Major changes in friend groups can also be an anxiety trigger, as well as other pressures throughout the school year such as end-of-semester testing.

3. Reassure kids if they’re anxious 

If your child has expressed feelings of anxiety before returning to school, Newton said the best next step is to assure your child that others are also experiencing the same feelings.

“Tell them, ‘Don’t be ashamed. It’s OK,’” he said. “‘This happens to a lot of kids.'”

When kids feel anxious, Newton said it’s also important for parents to remind them of their support — and reassure them that these feelings won’t last forever.

A young student holds her mom's hand outside a school.

A young student holds her mom’s hand outside a school.
(ANNE-CHRISTINE POUJOULAT/AFP/GettyImages)

Newton suggested mentioning that sometimes people don’t have control over their emotions or what happens in the future.

He said brainstorming other factors that are out of human control can be a good exercise as well.

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Relating your child’s feelings back to yourself, whether that’s about feeling generally anxious or experiencing physical setbacks, can ease some worry, too

4. Initiate problem-solving

Coming up with solutions for managing your child’s mental health is the next natural step.

Empowering your child can be “really helpful,” Newton said, starting by communicating new ways to get through the problem together.

A child wearing a schoolbag is accompanied to his elementary school on September 2, 2014, at the start of a new school year.

A child wearing a schoolbag is accompanied to his elementary school on September 2, 2014, at the start of a new school year.
(ANNE-CHRISTINE POUJOULAT/AFP via Getty Images)

A supportive community also helps.

Parents can work on building a strong support system by checking in and staying connected with their child’s friends and families. 

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In addition, using distractions helps mitigate children’s anxiety.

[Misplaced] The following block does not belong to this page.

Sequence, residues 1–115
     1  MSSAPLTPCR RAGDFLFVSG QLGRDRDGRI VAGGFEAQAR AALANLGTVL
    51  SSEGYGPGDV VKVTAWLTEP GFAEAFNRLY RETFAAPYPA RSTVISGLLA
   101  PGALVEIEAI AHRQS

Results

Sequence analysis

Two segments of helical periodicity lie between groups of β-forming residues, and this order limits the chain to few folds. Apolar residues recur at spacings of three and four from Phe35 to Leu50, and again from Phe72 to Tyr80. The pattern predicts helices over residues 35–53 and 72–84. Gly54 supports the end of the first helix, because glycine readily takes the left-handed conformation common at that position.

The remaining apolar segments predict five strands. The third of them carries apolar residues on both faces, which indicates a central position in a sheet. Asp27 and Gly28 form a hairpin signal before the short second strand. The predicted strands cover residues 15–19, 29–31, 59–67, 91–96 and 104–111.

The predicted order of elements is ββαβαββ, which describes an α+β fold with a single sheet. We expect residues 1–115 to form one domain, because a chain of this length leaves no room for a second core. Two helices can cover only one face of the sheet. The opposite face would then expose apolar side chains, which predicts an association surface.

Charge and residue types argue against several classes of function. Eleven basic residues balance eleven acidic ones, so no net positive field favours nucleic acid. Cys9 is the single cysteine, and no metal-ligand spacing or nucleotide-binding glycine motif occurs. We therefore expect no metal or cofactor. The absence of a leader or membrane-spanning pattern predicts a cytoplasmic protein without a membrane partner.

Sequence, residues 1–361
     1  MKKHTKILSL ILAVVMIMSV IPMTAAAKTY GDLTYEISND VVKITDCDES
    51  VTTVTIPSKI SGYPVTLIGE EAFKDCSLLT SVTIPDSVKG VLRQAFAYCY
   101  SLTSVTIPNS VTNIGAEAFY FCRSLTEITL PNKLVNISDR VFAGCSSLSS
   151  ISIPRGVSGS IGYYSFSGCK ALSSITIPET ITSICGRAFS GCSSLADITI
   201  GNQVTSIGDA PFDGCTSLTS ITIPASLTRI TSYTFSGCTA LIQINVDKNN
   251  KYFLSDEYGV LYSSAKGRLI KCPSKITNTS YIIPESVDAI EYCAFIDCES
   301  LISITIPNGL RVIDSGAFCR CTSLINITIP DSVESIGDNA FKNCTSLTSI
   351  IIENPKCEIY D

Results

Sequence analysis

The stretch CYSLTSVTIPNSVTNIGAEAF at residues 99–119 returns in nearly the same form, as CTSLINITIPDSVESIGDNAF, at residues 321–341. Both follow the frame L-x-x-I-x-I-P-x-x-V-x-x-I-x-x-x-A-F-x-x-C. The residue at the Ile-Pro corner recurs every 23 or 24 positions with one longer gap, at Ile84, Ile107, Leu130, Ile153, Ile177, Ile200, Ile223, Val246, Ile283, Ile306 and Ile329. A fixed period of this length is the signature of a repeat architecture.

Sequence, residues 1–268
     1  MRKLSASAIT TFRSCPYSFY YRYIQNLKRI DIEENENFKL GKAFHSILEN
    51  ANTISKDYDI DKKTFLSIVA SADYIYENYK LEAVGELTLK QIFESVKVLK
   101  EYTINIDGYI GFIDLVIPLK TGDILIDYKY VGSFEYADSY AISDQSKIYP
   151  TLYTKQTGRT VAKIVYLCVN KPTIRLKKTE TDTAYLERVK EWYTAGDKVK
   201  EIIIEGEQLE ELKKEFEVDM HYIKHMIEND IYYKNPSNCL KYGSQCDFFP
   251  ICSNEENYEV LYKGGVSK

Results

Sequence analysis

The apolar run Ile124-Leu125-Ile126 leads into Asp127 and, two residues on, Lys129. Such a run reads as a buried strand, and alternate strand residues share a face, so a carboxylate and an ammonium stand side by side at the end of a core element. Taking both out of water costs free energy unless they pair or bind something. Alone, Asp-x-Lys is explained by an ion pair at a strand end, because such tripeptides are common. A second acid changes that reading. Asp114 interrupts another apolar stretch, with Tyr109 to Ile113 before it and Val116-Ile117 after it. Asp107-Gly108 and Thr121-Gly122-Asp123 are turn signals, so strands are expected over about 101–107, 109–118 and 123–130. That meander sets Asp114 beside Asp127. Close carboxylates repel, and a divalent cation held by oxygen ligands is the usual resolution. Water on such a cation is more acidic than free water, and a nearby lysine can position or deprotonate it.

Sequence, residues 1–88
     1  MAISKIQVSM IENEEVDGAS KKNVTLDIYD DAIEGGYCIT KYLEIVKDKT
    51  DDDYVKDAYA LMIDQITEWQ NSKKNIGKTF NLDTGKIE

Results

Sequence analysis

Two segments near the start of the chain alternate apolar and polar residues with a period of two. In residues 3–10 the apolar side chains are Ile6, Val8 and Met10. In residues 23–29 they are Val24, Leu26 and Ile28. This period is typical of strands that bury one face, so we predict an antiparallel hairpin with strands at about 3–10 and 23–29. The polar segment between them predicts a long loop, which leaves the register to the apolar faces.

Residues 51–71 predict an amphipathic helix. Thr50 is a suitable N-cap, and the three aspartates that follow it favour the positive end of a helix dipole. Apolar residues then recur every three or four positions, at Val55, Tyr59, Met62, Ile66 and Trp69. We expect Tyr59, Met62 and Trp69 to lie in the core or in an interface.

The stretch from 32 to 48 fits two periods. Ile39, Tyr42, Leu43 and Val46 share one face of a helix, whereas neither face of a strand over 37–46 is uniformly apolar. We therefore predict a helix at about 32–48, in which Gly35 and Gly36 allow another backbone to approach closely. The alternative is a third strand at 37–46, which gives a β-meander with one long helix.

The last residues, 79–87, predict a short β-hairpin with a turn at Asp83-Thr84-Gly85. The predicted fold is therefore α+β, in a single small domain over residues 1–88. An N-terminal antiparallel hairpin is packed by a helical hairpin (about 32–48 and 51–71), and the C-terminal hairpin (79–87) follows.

“In the moment, take that pressure valve off and do something that would be fun or interesting,” he said. 

A student takes part in remote learning on a Chromebook with the help of her mom at home on October 28, 2020, in Stamford, Connecticut. 

A student takes part in remote learning on a Chromebook with the help of her mom at home on October 28, 2020, in Stamford, Connecticut. 
(John Moore/Getty Images)

As the school year progresses, Newton encouraged parents to involve their kids in extracurricular activities so that they can continue to surround themselves with support.

“Having other things that you’re involved with is hugely protective,” he said, “whether it’s sports, music or clubs.”

5. Ask the hard questions (you’re allowed)

If mental health issues persist and become an even greater concern within a family, parents might have to press more seriously, Newton indicated.

Moms and dads, of course, know their children better than anyone and this is a personal judgment call — but an uncomfortable conversation (with kids of a certain age) about suicide shouldn’t be avoided when confronting mental health with your child, he said.

A girl struggles during a class at school on February 3, 2017. 

A girl struggles during a class at school on February 3, 2017. 
(Florian Gaertner/Photothek via Getty Images)

Newton said it’s OK for parents to ask their kids if they’ve had thoughts of harming themselves or even about suicide.

Various studies suggest that these thoughts do not increase the likelihood that people would actually harm themselves.

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“Don’t be afraid,” said Newton, “if they are talking about feeling really down or worried or anxious.”

“It’s really important to know that if you’re that concerned, it’s OK to have that conversation.”

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If there’s increased concern for a child’s safety, Newton reminded parents that there’s professional help in the form of therapy as well as emergency resources. 

That includes dialing the new suicide crisis line: 988.